Transgender people need parents who will stand by them
The family has no more of a right to intervene in gender reassignment surgery than in any other medical procedure performed on an adult.
A mother urgently trying to get her 23-year-old son to change his mind about undergoing gender reassignment surgery expressed palpable distress in the comments she made to Orly Vilnai for a recent Haaretz article, in which she argued that parents and siblings should be consulted before people are allowed to undergo a sex change.
Indeed, pain and sense of crisis characterize many families with transgender children. Gender reassignment is a process experienced not only by the individual, but also by the surroundings: family, friends, workplace, school. This is a complex adjustment process in which the families have to participate, whether they want to or not, and they may feel coerced into having to deal with the issue.
As a psychotherapist with 20 years of experience in working with transgender people, I have met thousands of families that initially express anger, anxiety, confusion, resistance, withdrawal and denial, in a pattern similar to the characteristic stages of mourning. However, transgender children exist, and most families eventually accept them and even become involved in defending their rights. Transgender people like the one described in Vilnai’s article need parents who will stand by them, even when this demands extraordinary psychological strength and the ability to cope with an environment that is not accepting.
Parents must understand that their child is not a torch and a family is not a relay race. And the family has no more of a right to intervene in a gender reassignment surgery than parents have the right to demand that they be asked to give consent for any other medical procedure undergone by people who are legally considered adults.
To my regret, Vilnai’s article stressed only one side of this story, and totally obscured the full identity of the transgender person being discussed. The reference to her as “him” underscored the denial of the identity with which transgender people are grappling their whole lives. Both minors and adults in their 20s suffer from unbearable gender distress. But a different gender identity is not a psychiatric disorder, even though it is seen that way in many places in the world.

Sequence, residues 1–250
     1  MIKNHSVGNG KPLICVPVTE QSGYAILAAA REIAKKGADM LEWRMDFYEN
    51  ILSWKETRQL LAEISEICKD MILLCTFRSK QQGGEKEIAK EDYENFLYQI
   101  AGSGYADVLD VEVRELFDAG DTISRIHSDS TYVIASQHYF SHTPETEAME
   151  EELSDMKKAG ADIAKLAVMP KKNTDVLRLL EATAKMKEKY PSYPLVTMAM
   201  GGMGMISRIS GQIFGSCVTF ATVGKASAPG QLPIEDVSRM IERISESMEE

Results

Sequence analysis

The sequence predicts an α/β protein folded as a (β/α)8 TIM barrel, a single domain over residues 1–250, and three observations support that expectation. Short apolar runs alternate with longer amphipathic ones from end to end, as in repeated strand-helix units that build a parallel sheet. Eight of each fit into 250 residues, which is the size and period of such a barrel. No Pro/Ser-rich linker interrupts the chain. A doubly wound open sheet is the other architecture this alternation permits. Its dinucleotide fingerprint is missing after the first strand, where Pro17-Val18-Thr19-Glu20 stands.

Since only one perspective was presented in the article, it contained mistaken and misleading information about hormonal treatment and about the world of transgender people. Hormonal treatment is the only treatment in existence that improves the psychological situation of transgender individuals and enables them to begin to lead authentic lives vis-à-vis themselves and society. And contrary to the depiction in the article, in Israel the transgender discourse is pluralistic in a way that is unparalleled.
There are many possibilities for transgender self-expression, and those who decide to undergo gender reassignment surgery do so after consideration and reflection. The percentage of those who regret doing so is very small.
It must be remembered that parents are a supremely important factor and have key significance in the sex change process. Their children need their support – not rejection or abandonment.
The writer is the director of the Israeli Center for Human Sexuality and Gender Identity and a lecturer at Tel Aviv University.
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